This is not actually someone’s question, but it is a problem met by many hydroponic growers both hobby and commercial. Unfortunately, it is rarely mentioned in most hydroponic books and forums.
For growers using media based systems, pH drift is a significant change in pH between the dripper solution and the run-off solution. It is usually a rise in pH. For a water–based system without pH control, it is a change in pH with time, For a water-based system with pH control, while the pH remains steady, it results in the addition of an excess amount of acid. In turn this results in the nutrients in the recirculating solution getting out of balance.
So, how and why can ammonium be used to correct this drift?
Answer by RICK DONNAN
Root zone pH
The important solution to consider when managing hydroponic systems is the solution around the root zone. This applies to pH as much as to other properties such as EC, aeration, etc. Provided the root zone nutrient solution is of reasonable balance, plants take up what they require from that solution. Also the roots exude a wide range of substances. The end result is that the root zone solution balance is changing. These changes are quite likely to affect its pH.
In a recirculating system, this change can be controlled by adding acid or alkali. However, this can have a down-side, in that the added ions (such as phosphate from phosphoric acid) may push the nutrient further into imbalance. Also, this approach is not feasible for “free drainage” (non-recirculating) systems.
pH drift in the root zone solution can be controlled by adjustment of the ammonium ion content of the feed.
THE PRINCIPLES BEHIND THIS ARE:
Ammonium addition mechanism
Two forms of nitrogen (N) are used in hydroponic solutions, namely, nitrate ions (NO3–) which are negatively charged ions (known as an anions) and ammonium ions (NH4+) which are positively charged ions (known as a cations). In contrast to most soils, which lock up ammonium ions, any NH4+ ions added to hydroponic solutions remain available and are taken up very much faster than the NO3– ions.
Under normal hydroponic conditions, the plant is taking up NO3– ions and remaining in electrical balance. If NH4+ ions are introduced into the solution, they are rapidly taken up by the plant. Therefore the plant compensates by exuding positively charged ions to maintain the electrical balance. These are hydrogen ions, H+, the “acid” ion. Consequently the pH of the root zone solution will fall.
Therefore increasing the proportion of ammonium in the feed will result in a relative lowering of the pH. Reducing the proportion of ammonium in the feed will result in a relative raising of the pH. This applies to all systems whether recirculating or not. For example, the pH of your recirculating solution may be over 7 even though you have been pulling your feed solution pH down to well below 6. Increasing the ammonium in the feed should allow you to feed at about pH 6 and to maintain that level with time.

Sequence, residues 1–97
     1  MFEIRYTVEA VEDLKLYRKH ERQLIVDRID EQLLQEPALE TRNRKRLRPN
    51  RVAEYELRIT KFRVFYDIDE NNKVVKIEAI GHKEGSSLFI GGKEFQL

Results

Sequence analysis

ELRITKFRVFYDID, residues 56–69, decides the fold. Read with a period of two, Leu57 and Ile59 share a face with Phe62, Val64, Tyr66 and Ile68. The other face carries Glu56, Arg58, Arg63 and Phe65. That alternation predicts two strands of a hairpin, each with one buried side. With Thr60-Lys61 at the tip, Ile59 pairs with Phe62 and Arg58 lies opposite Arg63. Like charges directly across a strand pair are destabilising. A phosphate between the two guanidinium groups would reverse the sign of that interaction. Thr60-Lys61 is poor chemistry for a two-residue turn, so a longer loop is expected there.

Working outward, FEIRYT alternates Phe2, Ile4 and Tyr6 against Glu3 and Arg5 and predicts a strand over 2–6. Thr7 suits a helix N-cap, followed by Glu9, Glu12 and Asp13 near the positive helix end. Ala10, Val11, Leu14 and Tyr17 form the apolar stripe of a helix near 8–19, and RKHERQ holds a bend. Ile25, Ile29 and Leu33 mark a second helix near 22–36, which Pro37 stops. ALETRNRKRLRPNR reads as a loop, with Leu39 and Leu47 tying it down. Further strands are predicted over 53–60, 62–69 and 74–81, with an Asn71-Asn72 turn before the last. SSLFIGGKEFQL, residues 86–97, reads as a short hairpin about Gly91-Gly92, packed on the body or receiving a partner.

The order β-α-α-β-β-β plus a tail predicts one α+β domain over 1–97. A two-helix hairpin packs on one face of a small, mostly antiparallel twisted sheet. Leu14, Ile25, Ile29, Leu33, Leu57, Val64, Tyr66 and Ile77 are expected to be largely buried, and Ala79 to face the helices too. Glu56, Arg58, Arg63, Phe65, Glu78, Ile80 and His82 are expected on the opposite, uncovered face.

Firstly, all commercial grade calcium nitrate contains a small proportion of ammonium. Its approximate formula is:
Typical analysis is 14.4% N as nitrate ion and 1.1% N as ammonium ion, but check your label. Put another way, commercial calcium nitrate contains about 7% of its total N in the ammonium form.
Often more ammonium than this is needed. The only method if you use premixed fertiliser, and also the simplest method, is to add some ammonium nitrate. This is now only available as a solution because the solid is a security banned chemical used in explosives. A 50% concentrate contains about 9% N as NO3– and 9 % N as NH4+. Adding ammonium nitrate will obviously increase the relative proportion of nitrogen in the feed.
Don’t overdo the change! Try adding 4 ml of ammonium nitrate concentrate for every 100 grams of total fertiliser. Allow up to several days for the change to take effect. If this change is not sufficient, increase in steps up to a total of 12 ml per 100 grams total fertiliser. While it is possible to go higher you need to take care if you do this. An alternative is to add increments of 4 grams of ammonium sulphate per 100 grams total fertiliser.
Note that this is not a once-off dosage. The change remains permanent until you need to make any further adjustment due to trends in the system pH. It is most commonly needed in the early vegetative stages of growth when there is a high uptake of nitrate anion. When the crop gets into the fruiting stage the uptake swings more to potassium cation and the need to add ammonium reduces.
Not too high
High levels of ammonium can be toxic to plants, especially causing root death. Also too high a level of added nitrogen will lead to soft growth. Up to 10% of the total nitrogen in the ammonium form is safe for most plants, dependent upon their stage of growth. It is very risky to go above 20%. Your calculated figure should include the ammonium that comes in the calcium nitrate. RD
PH&G January 2017 / Issue 175